The psychosocial response to lymphedema
Armer, Jane M.
University of Missouri-Columbia. Office of Undergraduate Research
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Lymphedema, a life-altering disease, affects many breast cancer survivors throughout the world. Manifested as either an acute or chronic illness, lymphedema can occur at any time during and following post-breast cancer treatment as the result of damaged lymph vessels. Resulting in the accumulation of protein-rich fluid in the affected limb, lymphedema inhibits the mobility of the limb and is both disabling and disfiguring. These factors ultimately result in a variety of psychosocial responses from both the patient and the family, including lowered self-esteem and depression in the patient and role modification of the family. Cultural and age factors also affect the patient's perception and understanding of the disease, further necessitating new approaches to health care practice. A preliminary content analysis of qualitative responses on impact of lymphedema following breast cancer treatment described by study participants will also be provided. [Funded by NIH R01 NR05432-03 to J. Armer.]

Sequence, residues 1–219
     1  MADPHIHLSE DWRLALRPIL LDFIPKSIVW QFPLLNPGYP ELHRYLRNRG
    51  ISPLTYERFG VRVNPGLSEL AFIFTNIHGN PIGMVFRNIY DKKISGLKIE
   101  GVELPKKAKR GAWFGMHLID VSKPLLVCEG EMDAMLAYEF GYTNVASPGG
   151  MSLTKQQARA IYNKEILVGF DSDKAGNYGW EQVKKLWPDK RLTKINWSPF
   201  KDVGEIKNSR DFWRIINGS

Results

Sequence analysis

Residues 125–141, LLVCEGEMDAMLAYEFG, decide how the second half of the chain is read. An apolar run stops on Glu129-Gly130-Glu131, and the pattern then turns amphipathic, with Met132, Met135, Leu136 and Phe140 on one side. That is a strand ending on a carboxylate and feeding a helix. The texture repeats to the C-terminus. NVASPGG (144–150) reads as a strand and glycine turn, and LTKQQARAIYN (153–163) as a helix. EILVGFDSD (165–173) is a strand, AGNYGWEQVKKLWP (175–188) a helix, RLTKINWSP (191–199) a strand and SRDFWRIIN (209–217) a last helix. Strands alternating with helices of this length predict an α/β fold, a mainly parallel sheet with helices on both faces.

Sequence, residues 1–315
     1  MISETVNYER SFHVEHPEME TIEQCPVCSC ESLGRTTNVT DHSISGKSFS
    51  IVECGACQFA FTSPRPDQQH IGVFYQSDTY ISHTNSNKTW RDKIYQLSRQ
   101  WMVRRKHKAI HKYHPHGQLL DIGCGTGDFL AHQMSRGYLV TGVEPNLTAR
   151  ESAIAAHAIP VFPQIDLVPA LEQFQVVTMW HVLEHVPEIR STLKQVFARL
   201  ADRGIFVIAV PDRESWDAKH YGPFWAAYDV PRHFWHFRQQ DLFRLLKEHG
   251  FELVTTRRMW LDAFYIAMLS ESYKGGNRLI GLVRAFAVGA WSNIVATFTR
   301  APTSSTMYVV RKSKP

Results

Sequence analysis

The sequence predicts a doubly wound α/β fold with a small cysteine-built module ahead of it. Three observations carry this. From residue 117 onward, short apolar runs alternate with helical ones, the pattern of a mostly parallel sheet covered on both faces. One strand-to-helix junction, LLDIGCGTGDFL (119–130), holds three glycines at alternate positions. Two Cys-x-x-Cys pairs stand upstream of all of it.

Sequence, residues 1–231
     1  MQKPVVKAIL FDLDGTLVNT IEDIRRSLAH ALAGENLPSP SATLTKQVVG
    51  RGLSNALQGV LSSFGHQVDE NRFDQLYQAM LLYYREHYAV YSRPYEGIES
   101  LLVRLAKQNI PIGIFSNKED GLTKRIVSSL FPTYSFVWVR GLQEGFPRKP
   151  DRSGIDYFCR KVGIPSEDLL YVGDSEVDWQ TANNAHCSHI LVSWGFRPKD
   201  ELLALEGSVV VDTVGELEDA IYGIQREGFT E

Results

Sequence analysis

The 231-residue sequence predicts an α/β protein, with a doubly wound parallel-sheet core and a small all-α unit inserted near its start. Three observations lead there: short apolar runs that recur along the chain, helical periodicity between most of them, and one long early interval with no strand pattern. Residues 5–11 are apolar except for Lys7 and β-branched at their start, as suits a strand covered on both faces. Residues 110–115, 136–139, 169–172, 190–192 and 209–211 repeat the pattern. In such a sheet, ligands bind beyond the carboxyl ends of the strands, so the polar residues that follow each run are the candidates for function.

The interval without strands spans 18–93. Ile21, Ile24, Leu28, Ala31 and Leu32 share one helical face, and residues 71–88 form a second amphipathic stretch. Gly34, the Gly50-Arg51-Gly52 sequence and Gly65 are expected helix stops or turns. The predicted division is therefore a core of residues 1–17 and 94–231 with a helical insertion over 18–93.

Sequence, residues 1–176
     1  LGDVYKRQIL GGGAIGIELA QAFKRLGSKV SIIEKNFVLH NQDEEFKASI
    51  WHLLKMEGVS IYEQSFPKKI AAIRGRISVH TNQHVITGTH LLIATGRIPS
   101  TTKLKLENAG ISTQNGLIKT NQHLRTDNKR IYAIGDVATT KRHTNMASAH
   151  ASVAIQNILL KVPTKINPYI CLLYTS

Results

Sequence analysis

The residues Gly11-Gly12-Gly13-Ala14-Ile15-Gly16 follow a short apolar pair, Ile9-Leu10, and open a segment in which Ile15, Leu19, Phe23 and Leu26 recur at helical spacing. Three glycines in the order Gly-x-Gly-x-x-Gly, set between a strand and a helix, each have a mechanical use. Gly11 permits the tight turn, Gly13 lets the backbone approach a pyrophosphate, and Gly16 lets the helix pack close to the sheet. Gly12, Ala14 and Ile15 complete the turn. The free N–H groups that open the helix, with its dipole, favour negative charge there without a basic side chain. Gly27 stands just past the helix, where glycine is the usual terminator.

2005 Summer Undergraduate Research and Creative Achievements Forum (MU)